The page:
v. 05/15/20146 Notice of Privacy Practices (NPP) The NPP is a document required by HIPAA that explains patient rights regarding their PHI. The NPP explains how we will use PHI for treatment, payment and healthcare operations. It also describes patients’ right to … –Inspect their PHI (medical record) –Make copies of their PHI –Request changes to their PHI –Request an accounting of non-TPO disclosures of PHI The NPP must be given to the patient, or their legal representative, at the first encounter for healthcare services. You must make a good faith effort to obtain a signed acknowledgement of the patient’s receipt of the NPP. Keep this acknowledgement form.
v. 05/15/20147 Authorization Form An Authorization Form is required for disclosures of PHI which are not part of treatment, payment, or healthcare operations. An example would be a release of PHI to a law firm. The Authorization Form must include a specific description of the PHI to be disclosed, must identify the recipient of the PHI, and must include the dates which the Authorization covers. A log must be kept of all disclosures made under the Authorization. A patient may refuse to sign the Authorization.
v. 05/15/20148 Business Associates Other individuals and organizations, who are NOT healthcare providers, may also have access to PHI. Examples include medical records storage companies, technical support vendors, etc. Note that other healthcare providers are not Business Associates. This would include hospital and clinical labs. All Business Associates must sign an Agreement promising to protect and safeguard PHI in same manner as the covered entity.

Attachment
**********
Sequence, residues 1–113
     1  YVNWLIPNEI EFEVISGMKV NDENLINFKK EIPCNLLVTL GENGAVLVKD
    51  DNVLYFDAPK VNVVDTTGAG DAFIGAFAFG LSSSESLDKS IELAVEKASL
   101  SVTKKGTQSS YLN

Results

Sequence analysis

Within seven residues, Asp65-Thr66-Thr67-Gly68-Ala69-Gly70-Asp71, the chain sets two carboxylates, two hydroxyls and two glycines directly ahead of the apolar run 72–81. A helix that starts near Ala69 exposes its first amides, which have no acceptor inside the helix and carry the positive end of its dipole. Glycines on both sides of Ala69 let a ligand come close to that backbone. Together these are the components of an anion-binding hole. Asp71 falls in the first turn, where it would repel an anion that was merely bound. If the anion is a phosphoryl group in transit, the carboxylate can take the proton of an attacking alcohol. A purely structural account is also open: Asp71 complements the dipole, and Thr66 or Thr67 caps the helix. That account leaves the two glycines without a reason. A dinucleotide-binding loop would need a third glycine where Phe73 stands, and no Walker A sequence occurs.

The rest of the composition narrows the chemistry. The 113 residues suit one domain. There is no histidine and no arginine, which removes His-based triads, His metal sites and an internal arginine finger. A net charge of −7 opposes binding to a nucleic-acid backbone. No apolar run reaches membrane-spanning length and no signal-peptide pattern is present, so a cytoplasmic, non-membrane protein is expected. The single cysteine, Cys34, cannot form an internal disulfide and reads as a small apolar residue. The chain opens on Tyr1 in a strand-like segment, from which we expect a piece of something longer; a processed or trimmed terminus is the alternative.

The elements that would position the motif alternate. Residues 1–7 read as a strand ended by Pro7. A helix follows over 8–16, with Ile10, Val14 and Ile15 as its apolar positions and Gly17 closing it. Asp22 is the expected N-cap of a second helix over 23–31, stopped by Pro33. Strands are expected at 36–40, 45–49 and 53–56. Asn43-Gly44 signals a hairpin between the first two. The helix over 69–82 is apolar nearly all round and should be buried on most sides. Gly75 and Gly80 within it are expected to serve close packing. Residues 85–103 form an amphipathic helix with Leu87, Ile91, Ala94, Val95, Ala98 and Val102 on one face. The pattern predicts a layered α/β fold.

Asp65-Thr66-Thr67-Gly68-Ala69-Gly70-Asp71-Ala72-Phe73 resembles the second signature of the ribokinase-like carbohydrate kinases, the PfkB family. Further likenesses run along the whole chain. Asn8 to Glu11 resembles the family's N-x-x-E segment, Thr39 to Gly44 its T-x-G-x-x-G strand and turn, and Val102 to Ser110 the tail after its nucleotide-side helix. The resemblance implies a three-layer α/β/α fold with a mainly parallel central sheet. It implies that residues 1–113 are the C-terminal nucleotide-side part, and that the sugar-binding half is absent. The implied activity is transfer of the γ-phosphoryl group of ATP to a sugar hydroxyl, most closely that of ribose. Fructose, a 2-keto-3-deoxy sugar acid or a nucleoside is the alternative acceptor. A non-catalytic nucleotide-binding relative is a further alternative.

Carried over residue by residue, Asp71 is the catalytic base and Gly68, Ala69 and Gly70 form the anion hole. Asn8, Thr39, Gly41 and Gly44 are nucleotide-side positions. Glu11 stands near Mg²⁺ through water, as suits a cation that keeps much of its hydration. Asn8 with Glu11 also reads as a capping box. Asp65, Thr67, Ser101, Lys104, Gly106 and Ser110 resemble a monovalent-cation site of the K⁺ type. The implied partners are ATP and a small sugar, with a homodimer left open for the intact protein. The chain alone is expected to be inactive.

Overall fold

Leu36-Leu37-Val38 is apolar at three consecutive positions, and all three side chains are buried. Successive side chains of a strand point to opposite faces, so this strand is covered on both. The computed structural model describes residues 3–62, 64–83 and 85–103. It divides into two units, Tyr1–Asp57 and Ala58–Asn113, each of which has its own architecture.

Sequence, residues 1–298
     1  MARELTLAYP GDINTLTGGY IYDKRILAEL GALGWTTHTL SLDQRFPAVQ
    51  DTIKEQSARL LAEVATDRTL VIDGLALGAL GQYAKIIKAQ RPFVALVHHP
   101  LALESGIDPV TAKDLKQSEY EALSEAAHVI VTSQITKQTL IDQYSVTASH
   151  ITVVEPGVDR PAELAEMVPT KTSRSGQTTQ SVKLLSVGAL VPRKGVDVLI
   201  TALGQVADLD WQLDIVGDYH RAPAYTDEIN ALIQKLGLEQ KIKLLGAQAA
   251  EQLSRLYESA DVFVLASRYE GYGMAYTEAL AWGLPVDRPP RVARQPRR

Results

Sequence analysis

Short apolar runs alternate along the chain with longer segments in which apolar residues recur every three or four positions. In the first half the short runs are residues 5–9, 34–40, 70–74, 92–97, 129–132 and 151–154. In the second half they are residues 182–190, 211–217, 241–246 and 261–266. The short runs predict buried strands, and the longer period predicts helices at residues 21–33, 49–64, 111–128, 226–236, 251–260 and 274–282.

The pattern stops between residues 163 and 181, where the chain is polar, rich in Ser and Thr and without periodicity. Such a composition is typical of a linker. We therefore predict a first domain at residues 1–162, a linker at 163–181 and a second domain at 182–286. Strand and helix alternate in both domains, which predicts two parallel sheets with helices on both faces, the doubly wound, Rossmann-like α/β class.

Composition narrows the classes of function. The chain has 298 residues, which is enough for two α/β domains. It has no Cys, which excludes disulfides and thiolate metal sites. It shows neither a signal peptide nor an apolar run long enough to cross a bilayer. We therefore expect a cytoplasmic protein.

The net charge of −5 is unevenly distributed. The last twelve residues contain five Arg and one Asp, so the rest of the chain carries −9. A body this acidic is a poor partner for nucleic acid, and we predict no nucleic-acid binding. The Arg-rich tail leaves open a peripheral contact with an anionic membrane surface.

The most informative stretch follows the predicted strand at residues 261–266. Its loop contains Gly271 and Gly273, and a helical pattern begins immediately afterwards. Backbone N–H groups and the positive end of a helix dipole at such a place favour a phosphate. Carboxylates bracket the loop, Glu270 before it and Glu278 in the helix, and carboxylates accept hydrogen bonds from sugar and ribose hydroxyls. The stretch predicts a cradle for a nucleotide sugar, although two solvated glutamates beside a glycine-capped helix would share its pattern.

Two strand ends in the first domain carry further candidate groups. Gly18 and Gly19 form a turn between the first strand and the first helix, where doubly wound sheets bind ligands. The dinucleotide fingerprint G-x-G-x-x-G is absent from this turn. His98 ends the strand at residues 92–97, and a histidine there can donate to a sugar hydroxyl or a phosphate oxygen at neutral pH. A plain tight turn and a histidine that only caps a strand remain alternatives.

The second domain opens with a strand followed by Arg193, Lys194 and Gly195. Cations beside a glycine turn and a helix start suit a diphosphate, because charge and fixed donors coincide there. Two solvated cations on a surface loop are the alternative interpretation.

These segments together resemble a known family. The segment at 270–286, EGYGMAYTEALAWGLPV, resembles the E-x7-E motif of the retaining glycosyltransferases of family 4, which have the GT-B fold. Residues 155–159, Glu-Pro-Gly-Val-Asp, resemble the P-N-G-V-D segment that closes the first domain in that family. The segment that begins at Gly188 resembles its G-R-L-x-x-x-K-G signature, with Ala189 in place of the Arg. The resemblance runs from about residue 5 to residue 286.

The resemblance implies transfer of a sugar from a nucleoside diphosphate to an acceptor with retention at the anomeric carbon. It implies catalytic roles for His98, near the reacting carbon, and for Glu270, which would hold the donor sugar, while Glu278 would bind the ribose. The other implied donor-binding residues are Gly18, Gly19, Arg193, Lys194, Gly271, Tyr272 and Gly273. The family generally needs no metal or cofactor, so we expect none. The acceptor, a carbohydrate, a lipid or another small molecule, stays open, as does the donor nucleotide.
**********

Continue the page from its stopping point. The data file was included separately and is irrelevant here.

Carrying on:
v. 05/15/20149 HIPAA Security HIPAA Security focuses on PHI which is in electronic format, including computer systems, fax machines, answering machines, internet, CDs, medical equipment, etc. Security also focuses on building security for the protection of PHI. Use special care when handling PHI in electronic format. Do not throw away PHI in electronic format. Do not share passwords, keys, or other means of access with other employees. Be aware of building security regarding physical access, visitors, and emergency procedures. Report all suspected violations of Security policy to immediate supervisor or the Privacy Officer.
v. 05/10/ HIPAA Enforcement HIPAA enforcement comes under CMS and Office of Civil Rights. For the most part, enforcement actions are complaint-driven. An individual patient generally has no private right to sue under HIPAA. There is no regular HIPAA audit program, but that is changing. All a provider’s employees and Business Associates are responsible for HIPAA and are thus subject to enforcement actions. There are civil penalties, usually fines, associated with HIPAA violations.
v. 05/15/ HIPAA in a Nutshell Always protect and safeguard PHI. Help to create an atmosphere of privacy and professionalism when using PHI. Honor the rights of patients regarding their PHI. Use the proper forms as required under HIPAA. Remember that persons and organizations outside Jones Clinic may also access PHI and know the rules which govern this use. Remember that most violations of HIPAA are not intentional but are due to carelessness or sloppy work habits. Ask the Privacy Officer or your management team if you have questions about HIPAA. Report all violations of HIPAA as instructed. Are you HIPPO compliant ??